After having performed the 3D simulation in PPMstar, the mass fraction is known from spherical averages of the results, and of course the time between spherically averaged profiles is also a known quantity. Applying the boundary condition allows equation 3 to be solved for and, hence, provide an answer to the question posed above.
3.5.1 General shape of the diffusion coefficient
The method described above has been used to calculate the 1D diffusion coefficient profile across the whole depth of the Oburning convection zone that represents the spherically and temporally averaged mixing of the 3D hydrodynamic PPMstar d2 simulation (see Table 1) between s and s. The radial abundance profiles of the upper fluid (as are shown in Fig. 19) used for the initial and final conditions of the diffusion problem are 400 s (on the order of a convective turnover time scale) time averages centred at and . This averaging smooths out some of the noise that is inherent when stochastic fluctuations in the direction of inclination or azimuth appear on dynamical timescales. The inverted discretised diffusion equation is then solved for over the time step of . The resulting diffusion coefficient is shown as the brown line in Fig. 20. When the gradient of the abundance approaches 0 (essentially flat; see Fig. 19), there is not a unique solution to the inverse diffusion problem, only a minimum diffusion coefficient that would completely mix two neighboring zones when left for a time , above which any value would be a valid solution. This is the origin of the noise seen in Fig. 20: a loss of sensitivity of the method as approaches 0. In the noisy region, a piecewiselinear representation of a downsampled diffusion coefficient was constructed, to which a cubic function was fit, resulting in the solid black line in Fig. 20. This represents a kind of byeye fit to the lower envelope of the diffusion coefficient profile in the very noisy region between radial coordinates of about 5 and 6 Mm.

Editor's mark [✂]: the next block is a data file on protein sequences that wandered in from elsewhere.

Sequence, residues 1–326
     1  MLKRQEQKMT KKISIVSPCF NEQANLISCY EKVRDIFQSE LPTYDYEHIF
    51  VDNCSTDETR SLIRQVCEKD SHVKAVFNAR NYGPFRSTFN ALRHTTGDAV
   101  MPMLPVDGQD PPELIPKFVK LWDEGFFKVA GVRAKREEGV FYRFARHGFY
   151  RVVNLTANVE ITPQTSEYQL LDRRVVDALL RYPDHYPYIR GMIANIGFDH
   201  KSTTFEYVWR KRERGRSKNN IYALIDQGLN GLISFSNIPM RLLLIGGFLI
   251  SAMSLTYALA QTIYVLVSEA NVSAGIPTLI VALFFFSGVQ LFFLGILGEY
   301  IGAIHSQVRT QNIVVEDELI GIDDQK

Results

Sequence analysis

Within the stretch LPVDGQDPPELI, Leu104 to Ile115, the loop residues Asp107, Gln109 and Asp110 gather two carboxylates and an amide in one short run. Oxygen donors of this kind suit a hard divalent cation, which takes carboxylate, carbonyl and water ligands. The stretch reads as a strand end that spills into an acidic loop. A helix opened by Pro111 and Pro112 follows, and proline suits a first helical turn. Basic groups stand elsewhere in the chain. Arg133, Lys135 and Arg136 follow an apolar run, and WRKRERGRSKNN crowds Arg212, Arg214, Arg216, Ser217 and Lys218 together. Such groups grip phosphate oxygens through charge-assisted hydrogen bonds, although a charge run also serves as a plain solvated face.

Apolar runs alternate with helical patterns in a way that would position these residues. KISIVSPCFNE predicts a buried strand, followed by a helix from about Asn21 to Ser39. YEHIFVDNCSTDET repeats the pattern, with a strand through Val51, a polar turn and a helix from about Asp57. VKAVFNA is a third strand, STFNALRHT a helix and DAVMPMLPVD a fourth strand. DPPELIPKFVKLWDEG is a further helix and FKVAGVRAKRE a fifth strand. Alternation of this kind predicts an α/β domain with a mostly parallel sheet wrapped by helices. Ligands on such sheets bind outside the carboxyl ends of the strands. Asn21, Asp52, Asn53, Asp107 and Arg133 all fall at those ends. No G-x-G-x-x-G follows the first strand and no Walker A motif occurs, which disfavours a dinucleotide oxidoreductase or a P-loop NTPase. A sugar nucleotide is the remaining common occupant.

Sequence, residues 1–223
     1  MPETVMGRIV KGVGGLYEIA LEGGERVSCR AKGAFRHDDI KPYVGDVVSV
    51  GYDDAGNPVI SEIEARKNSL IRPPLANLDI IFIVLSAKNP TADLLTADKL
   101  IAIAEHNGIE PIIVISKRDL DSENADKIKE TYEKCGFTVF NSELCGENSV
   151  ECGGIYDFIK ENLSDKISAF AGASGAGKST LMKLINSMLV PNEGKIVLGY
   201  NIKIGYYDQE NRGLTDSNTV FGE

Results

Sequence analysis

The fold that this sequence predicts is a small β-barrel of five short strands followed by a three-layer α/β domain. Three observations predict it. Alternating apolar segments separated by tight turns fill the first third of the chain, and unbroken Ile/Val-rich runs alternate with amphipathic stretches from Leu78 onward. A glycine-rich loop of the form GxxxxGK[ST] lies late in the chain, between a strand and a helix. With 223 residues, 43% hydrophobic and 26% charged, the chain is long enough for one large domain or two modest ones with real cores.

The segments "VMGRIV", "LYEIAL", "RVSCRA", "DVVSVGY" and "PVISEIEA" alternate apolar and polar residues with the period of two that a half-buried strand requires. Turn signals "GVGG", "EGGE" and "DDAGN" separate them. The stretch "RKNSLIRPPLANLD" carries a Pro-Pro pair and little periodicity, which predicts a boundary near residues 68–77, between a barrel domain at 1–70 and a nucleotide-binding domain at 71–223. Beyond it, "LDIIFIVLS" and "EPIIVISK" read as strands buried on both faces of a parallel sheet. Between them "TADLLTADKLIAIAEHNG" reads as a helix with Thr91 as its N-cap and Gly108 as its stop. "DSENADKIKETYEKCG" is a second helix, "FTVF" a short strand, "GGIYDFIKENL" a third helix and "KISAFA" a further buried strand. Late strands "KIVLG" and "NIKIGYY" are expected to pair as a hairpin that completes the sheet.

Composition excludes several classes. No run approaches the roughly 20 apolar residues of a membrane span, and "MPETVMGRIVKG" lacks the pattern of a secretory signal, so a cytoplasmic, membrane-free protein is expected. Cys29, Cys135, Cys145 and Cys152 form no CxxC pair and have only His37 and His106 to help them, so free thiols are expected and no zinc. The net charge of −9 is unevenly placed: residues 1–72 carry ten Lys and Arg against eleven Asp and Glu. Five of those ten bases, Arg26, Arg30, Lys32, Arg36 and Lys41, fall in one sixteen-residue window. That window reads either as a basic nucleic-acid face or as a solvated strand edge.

There are a few other interesting quantities plotted in Fig. 20 in addition to the diffusion coefficient derived as described above. Firstly, the diffusion coefficient computed using MLT in a representative MESA simulation is shown, which compares within an order of magnitude, underestimating in the middle of the convection zone (where the method used to derive loses sensitivity) and overestimating near the convective boundary. The light blue dashed line marked with circular glyphs is a diffusion coefficient given by the same formula as the one used in MLT () but is the average radial velocity of the convective fluid from the 3D PPMstar simulation. It is within a factor of of the value predicted using MLT. When one considers that the luminosity of the PPMstar simulation is generally within a factor of the MESA model (see Fig. 5) together with the scaling of velocity with luminosity (Fig. 13), the PPMstar and MLT velocities agree within a factor of inside the convection zone. Interestingly, Herwig et al. (2006) also found in their 2D simulations that the MLT velocities were too low by a factor of about 2–3 (their Fig. 24). Such a difference between 3D hydro and 1D MLT velocities can be due to neglect of kinetic energy flux in MLT or the different geometric and averaging approximations made in various flavours of MLT (see, e.g., Tassoul, Fontaine & Winget, 1990; Salaris & Cassisi, 2008).
In any case, using overestimates in the upper and lower regions of the convective layer, too. The blue starred line looks somewhat different. This line assumes instead that the mixing length is the minimum of and the distance to the upper convective boundary. This reproduces better the shape of the derived D as it falls off in the upper half of the convection zone. The reduction of such a mixing length as the flow approaches the upper convective boundary was also suggested by Eggleton (1972) and is analogous to the decrease of the horizontal scale of convection cells over a similar domain, as has been shown by Porter & Woodward (2000, their Fig. 5).
3.5.2 Convective boundary mixing
The results of the determination of a radial diffusion coefficient profile are shown in Fig. 21 for the upper convective boundary of the d1 and d2 simulations. The vertical dotted lines mark the upper boundary of the convection zone between the convectively unstable (on the left of the boundary) and stable (on the right) fluids. The two lines represent different definitions of the convective boundary. B is the radius at which the entropy gradient becomes positive in the initial stratification of the 3D simulations and C is where the radial gradient of the tangential component of the fluid velocity is steepest in the 3D simulation (see Section 3.3) after 40 (10) minutes of simulated time for the d1 (d2) run. This is where the convective boundary is in 3D. The underlying MESA model has been aligned so that its Schwarzschild boundary lies exactly on top of B, so that a better comparison can be made between the 3D and 1D simulation results.